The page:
Mr Wood : One of the key things it has looked at is consistency of the application of allowances across the Commonwealth and how those are benchmarked with other foreign services, the private sector and others. As you are aware, there are a variety of different allowances and different agencies pay them in different ways. It has looked at greater consistency and standardisation.

Senator GALLACHER: I don't want to be too complicated about it. My understanding was that if you were in Canberra and went to a shop, it cost you this. If you are in Nairobi and you go to a shop, you should not be disadvantaged. Has that threshold position changed?

Mr Wood : I could not comment in terms of what the review is saying. But it certainly looked at cost of living allowances and the method of calculation of those.

Ms Adamson : If I could just add that you are correct that the comparisons through the cost of living aspect of living of this compares costs i n where ever the country we are measuring ourselves against compared with Australia. That is done not by us but that part of it is outsourced, as it is with many companies and governments. There are people that look at indices of costs of living.

Senator GALLACHER: My only point is if the threshold is changing.

Ms Adamson : No.

Senator GALLACHER: My simple understanding is that if you are in Canberra, you have to live. If you are posted somewhere else you should not be disadvantaged. Is that threshold changing?

Ms Adamson : My understanding is not that cost of living element. I just want to make sure that there is no deeper technical aspect. But that is the broad principle.

Mr Wood : That is correct. But I do stress that it is still going through the cabinet process.

Senator WONG: Sure. There is a process set in place in the 2016-17 budget which says you go away and come back for the next budget with a proposition. Correct? These need to be reviewed and E R C needs to consider that review. Is that correct? I appreciate that there is collaboration from all the agencies. But the outcome of that review, is the author of it Finance or DFAT?

Mr Wood : The submission is being taken forward by the foreign affairs portfolio.

Senator WONG: So it is your submission. You have made a decision, having done the review, and then DFAT makes a decision about which aspects of that they pick up. Is that correct? Here is a review of all the entitlements. Foreign affairs makes a decision about which aspect of change that is identified as a possibility they choose to put forward. Is that correct?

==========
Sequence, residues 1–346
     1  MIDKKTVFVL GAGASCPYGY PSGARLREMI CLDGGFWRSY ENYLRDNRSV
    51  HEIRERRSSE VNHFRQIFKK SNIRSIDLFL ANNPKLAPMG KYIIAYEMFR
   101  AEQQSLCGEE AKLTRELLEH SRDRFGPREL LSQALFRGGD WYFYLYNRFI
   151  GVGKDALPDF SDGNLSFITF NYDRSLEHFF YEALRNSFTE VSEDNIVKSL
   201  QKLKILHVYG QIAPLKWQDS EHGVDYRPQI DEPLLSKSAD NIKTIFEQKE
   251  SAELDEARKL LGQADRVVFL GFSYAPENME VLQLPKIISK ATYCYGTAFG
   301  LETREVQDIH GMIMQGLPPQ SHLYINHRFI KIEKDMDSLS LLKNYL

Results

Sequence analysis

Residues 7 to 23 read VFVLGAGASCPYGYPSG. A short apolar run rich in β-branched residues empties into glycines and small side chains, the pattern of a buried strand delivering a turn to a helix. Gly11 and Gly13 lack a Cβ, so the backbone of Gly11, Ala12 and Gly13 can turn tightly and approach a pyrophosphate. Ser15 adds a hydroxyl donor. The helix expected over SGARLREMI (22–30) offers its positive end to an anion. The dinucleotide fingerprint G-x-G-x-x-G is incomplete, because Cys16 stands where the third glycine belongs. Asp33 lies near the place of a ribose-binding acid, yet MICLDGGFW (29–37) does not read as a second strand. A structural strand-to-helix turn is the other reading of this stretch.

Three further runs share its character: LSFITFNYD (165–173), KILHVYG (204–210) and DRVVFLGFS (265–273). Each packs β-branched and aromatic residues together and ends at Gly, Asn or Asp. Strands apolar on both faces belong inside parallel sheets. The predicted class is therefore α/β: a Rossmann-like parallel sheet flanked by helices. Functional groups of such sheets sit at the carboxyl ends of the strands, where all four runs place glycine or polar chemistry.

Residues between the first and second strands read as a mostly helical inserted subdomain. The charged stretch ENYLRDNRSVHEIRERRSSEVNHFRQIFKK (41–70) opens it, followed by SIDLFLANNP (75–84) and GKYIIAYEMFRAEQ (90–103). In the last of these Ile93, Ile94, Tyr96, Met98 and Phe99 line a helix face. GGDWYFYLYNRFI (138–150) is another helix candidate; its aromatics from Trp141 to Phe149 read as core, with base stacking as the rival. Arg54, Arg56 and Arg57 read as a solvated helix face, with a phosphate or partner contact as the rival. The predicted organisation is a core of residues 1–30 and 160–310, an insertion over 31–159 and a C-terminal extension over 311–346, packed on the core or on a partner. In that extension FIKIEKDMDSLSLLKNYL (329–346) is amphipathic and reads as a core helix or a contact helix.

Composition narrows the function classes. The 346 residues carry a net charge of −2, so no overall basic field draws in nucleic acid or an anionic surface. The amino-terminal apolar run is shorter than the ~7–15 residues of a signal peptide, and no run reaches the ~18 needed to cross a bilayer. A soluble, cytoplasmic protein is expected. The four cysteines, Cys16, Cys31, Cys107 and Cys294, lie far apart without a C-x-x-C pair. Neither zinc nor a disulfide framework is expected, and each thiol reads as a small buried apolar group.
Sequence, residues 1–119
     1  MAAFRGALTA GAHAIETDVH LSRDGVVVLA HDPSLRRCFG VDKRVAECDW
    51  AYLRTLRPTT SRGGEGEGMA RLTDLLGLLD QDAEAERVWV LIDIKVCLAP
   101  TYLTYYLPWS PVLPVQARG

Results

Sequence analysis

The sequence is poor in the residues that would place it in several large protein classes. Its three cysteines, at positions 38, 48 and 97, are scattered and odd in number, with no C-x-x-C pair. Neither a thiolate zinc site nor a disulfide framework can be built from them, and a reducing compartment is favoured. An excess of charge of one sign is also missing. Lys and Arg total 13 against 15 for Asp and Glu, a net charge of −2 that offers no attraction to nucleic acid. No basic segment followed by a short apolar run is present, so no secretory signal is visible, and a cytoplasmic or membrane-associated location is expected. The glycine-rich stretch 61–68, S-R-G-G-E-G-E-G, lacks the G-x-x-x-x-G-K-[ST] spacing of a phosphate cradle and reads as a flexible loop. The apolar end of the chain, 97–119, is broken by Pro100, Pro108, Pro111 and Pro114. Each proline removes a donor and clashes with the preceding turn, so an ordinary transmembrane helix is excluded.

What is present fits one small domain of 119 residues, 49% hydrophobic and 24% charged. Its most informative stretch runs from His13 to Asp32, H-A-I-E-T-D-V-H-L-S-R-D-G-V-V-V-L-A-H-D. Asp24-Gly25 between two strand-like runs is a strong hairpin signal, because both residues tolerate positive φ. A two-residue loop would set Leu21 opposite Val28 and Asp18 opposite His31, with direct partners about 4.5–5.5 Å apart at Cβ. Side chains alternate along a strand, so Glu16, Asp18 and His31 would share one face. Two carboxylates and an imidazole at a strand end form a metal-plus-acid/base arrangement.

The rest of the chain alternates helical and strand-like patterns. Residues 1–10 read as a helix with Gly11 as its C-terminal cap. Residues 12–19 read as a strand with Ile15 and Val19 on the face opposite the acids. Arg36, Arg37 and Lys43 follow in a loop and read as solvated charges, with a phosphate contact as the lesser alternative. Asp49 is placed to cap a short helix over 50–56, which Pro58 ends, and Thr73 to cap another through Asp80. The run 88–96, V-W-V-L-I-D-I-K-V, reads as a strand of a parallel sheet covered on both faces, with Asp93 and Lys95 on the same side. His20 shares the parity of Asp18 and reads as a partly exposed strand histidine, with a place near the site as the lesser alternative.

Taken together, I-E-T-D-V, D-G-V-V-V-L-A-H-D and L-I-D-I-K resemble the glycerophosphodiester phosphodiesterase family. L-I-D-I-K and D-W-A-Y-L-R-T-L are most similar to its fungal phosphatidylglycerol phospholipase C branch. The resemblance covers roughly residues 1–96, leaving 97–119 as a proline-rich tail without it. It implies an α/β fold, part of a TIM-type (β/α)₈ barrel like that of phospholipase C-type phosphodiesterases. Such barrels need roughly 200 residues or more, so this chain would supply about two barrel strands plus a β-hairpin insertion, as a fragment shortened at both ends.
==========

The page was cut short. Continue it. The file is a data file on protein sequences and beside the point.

Mr Wood : As I stressed, the review involved all government agencies. It came to some agreed positions and those are currently going through the cabinet process.

Senator WONG: Obviously government will make its decision, and if there is a decision that goes to this there will be a budget measure to point to. Did the review process generate a report or document that preceded the cabinet submission?

Mr Wood : There is a report that is part of the cabinet submission process.

Senator WONG: Are you proposing to make any aspect of that report public?

Mr Wood : That would not be for me. It is part of the cabinet submission process.

Senator WONG: Sure. I understand that now. You have done a review of all these entitlements. There has been a bit of a press report about it. And I am not in a position to judge. I do not know what all of the entitlements are so I cannot make a comment about community expectations, which is obviously one of the issues that is raised publicly. I am just trying to get a sense, in light of that, of what if anything is likely to be made public out of this process. It might be a question for you, Secretary.

Ms Adamson : After the budget there will be an announcement, I expect, of the results of the review. As Mr Wood says, it is currently very much a cabinet process.

Senator WONG: I think I have understood that and I have tried to separate that. I understand cabinet process and a decision in the budget. But at any point post that, is the government or the department proposing to be transparent about the extent of the review and respond to assertions about entitlements not being in line with community expectations?

Ms Adamson : After budget night the affected staff of the 28 agencies will be informed of the outcomes of the government's deliberations.

Mr Wood : Once decisions are made they will need to be implemented by those agencies. They have their own enterprise agreements and will need to work closely across the Commonwealth to implement that.

Senator WONG: Can you tell me who the 28 agencies are?

Mr Wood : I would be happy to provide that. They range from the Maritime Safety Authority to DFAT.

Ms Adamson : Some of them have very small representation in one or two posts.

Senator WONG: It is a lot more than I would have thought

Ms Adamson : That is how you get to that number. Our biggest post would typically have 14 or 15 agencies. But the variation in those are from specific ones that have a particular presence.